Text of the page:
Navy seeks gear to get air to subs
Government looking for pieces of emergency ventilation system
By CHRIS LAMBIE Staff Reporter
Tue. Feb 24 - 5:34 AM
The navy is acquiring gear that will allow it to provide fresh air to its used submarines if they get stuck on the sea floor.
The federal government issued a notice Monday that it plans to buy pieces of a submarine emergency ventilation and decompression system.
"This system is to be used in event of a disabled submarine that has been immobilized and is resting on the sea bottom in a given depth of water," says the advanced contract award notice.
"Through the use of this system, the atmosphere inside the (disabled sub) can be continuously supplied with fresh breathing air, ventilated, and pressure-controlled from the surface to preserve life aboard the submarine until such time that the personnel can escape or be rescued."
The navy is only buying "a small portion" of the life-saving system now, says the notice. The purchase includes 24 receiving fittings and four adapter units.
The receiving fittings will be installed on all four of the diesel-electric subs as modifications to the salvage fittings they already carry.
"There is one set of salvage fittings per watertight compartment and the sub is divided into three watertight compartments, thus there will be six receiving fittings installed on each submarine for a total requirement of 24," says the notice.
"The submarine adapter units (to be stored on each coast) are the link between the receiving fitting on the (disabled sub) and the surface-supplied ventilation and decompression system."
In the case of an accident, the navy would use a surface supply system to get air into a disabled sub via the gear they are now buying, says the notice.
"This asset has not yet been acquired and will be requisitioned through another project. Many NATO countries (Spain, France, among others) currently possess and operate submarine emergency ventilation and decompression equipment, and these countries would offer their services in the event of a Canadian (disabled sub) scenario. Though the individual systems vary country by country, all are equipped with a NATO-standard coupling, which forms a link between the surface supply and the (disabled sub)."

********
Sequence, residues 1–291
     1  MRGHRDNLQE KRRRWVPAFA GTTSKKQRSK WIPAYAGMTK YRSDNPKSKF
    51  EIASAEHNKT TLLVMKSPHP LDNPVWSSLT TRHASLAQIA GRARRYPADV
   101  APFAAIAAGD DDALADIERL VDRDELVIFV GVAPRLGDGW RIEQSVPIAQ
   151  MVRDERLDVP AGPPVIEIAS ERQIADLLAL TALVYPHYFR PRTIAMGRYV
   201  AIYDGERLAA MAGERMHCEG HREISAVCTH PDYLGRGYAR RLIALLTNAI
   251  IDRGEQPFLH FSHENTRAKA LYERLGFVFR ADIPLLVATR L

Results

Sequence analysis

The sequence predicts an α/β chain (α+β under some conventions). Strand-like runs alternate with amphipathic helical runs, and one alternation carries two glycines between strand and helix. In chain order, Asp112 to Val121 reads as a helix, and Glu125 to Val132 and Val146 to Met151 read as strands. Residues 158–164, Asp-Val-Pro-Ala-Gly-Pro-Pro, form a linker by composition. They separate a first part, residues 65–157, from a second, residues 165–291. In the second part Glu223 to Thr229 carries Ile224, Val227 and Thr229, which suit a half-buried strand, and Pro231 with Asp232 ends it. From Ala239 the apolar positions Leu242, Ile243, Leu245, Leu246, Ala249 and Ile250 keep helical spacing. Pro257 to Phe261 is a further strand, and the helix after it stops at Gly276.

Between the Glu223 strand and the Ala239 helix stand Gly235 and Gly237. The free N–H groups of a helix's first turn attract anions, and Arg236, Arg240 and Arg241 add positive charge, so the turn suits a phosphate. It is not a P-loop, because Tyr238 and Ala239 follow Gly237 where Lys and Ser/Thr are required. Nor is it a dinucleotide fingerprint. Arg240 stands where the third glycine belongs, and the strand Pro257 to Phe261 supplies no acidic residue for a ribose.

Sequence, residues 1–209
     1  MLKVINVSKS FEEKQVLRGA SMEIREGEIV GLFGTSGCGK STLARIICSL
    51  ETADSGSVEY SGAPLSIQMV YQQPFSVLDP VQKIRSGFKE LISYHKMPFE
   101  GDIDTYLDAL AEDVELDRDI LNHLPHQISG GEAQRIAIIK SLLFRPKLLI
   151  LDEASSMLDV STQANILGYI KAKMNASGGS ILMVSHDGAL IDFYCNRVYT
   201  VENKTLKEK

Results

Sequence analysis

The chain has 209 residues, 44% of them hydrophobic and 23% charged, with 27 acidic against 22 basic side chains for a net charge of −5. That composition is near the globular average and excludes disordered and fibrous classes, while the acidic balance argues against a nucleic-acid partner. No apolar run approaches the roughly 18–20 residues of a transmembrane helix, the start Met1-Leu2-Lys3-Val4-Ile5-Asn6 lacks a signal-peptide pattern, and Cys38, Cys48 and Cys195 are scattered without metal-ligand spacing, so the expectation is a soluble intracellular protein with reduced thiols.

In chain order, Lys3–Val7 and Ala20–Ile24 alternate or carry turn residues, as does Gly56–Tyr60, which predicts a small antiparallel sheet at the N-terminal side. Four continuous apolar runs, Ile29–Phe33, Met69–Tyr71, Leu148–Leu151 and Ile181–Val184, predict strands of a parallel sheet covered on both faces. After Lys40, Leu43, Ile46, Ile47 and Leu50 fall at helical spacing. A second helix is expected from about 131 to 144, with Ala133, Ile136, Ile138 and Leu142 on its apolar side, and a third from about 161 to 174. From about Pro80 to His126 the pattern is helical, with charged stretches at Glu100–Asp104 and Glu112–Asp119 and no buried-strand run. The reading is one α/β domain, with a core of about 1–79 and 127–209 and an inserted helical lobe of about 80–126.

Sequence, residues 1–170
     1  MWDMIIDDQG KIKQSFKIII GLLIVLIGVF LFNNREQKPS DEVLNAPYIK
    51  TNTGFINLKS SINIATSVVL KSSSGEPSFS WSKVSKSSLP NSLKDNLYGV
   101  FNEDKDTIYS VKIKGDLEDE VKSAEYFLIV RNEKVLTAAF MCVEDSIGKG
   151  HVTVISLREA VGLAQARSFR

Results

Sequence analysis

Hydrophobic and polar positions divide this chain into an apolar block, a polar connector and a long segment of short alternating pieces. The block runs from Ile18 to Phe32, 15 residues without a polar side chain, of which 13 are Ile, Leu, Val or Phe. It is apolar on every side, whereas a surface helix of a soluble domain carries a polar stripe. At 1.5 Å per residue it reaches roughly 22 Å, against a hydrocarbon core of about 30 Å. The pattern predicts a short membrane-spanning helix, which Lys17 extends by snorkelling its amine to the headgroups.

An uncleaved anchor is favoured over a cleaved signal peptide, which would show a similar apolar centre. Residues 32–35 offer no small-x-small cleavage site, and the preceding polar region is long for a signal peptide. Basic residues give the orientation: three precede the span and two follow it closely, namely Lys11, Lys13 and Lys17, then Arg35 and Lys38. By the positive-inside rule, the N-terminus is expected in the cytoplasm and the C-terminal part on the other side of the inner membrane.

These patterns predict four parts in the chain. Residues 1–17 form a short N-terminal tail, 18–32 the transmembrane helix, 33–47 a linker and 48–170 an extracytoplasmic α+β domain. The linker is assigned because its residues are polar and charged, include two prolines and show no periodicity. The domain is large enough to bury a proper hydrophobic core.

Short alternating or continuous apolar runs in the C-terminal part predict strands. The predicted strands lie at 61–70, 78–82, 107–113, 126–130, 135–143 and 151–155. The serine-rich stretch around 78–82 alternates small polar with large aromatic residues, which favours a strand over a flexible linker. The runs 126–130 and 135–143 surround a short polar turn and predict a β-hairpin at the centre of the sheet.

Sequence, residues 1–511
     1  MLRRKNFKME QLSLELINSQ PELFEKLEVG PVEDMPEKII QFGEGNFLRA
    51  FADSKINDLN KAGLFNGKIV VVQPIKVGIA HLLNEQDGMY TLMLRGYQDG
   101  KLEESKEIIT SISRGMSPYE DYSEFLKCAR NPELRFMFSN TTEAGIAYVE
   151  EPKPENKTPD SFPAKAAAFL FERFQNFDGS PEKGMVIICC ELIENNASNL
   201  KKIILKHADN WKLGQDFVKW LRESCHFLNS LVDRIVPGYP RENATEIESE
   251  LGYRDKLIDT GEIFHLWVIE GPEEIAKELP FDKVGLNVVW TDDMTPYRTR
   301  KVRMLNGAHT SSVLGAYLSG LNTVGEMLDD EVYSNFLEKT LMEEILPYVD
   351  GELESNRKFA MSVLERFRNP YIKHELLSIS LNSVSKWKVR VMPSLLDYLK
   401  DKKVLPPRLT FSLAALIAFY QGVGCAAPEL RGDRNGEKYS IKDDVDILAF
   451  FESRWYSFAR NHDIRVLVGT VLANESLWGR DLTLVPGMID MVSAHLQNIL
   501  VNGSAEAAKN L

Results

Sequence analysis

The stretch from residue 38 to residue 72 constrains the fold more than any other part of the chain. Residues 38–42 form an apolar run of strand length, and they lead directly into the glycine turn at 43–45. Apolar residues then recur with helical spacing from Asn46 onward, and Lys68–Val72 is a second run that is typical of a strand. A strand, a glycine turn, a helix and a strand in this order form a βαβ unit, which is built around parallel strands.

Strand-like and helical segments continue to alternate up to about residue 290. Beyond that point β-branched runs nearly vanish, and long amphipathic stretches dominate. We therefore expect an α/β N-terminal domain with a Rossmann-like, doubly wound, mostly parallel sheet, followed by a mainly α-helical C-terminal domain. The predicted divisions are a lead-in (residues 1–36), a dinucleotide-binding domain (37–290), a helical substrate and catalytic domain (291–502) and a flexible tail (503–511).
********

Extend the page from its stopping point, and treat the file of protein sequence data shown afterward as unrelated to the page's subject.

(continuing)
The NATO coupling is located between the submarine adapter unit and the surface supply, says the notice.
"At present, the Victoria-class submarines are not configured to receive ventilation and decompression services through the NATO-standard coupling. Acquiring the submarine adapter unit and the submarine receiving fittings will provide this capability immediately, and thus provide Canadian submarines with this vital life-saving capacity."
There is no price for the modifications listed in the notice, which says "the government intends to negotiate with one firm only," OceanWorks International Corp. It has offices in Burnaby, B.C., and Houston, Texas.
Initially, Derek White, a sales engineer with the company, said the gear is likely to cost "in the multiple hundreds of thousands of dollars" and the price tag could top $1 million. He later called back to say that price was not accurate but could provide no other numbers.
The equipment has never been used in a real sub rescue.
When the Kursk nuclear submarine sank in August 2000, Russian authorities held off asking for outside assistance until hope was nearly exhausted; all 118 crew members died. All 129 crew aboard the USS Thresher died on April 10, 1963, when the vessel had a cataclysmic structural failure during sea trials southeast of Cape Cod, Mass.
"Submarines are built with redundancy in their systems," Mr. White said. "For something to fail catastrophically, it’s either a collision or it’s a very rare event likely caused by some sort of human failure."
The United States navy deployed one of the submarine emergency ventilation and decompression systems in 2005 when a Russian mini-submarine got entangled in fishing nets deep in the Pacific, leaving the seven men inside struggling with rapidly decreasing water and oxygen supplies while waiting anxiously in the darkness and cold.
But a British remote-controlled Scorpio underwater vehicle freed the submarine from fishing nets.
"The Brits got there first," Mr. White said.
If a Canadian sub was stuck on the sea floor, the ventilation system could be used to keep submariners alive until a rescue vehicle could be flown in from San Diego, Calif., he said.
"What we’re doing is extending their life support, so we’re ventilating — getting rid of noxious gases if there’s a fire on board," Mr. White said. "If there is pressurization, we’re depressurizing that to get rid of decompression sickness when they get to the surface."
Canada purchased four mothballed subs from the Royal Navy in the late 1990s for almost $900 million after the British decided to go with an all-nuclear sub fleet. Reactivating the subs has been a huge challenge for the navy, especially in the aftermath of a fatal fire aboard HMCS Chicoutimi in October 2004.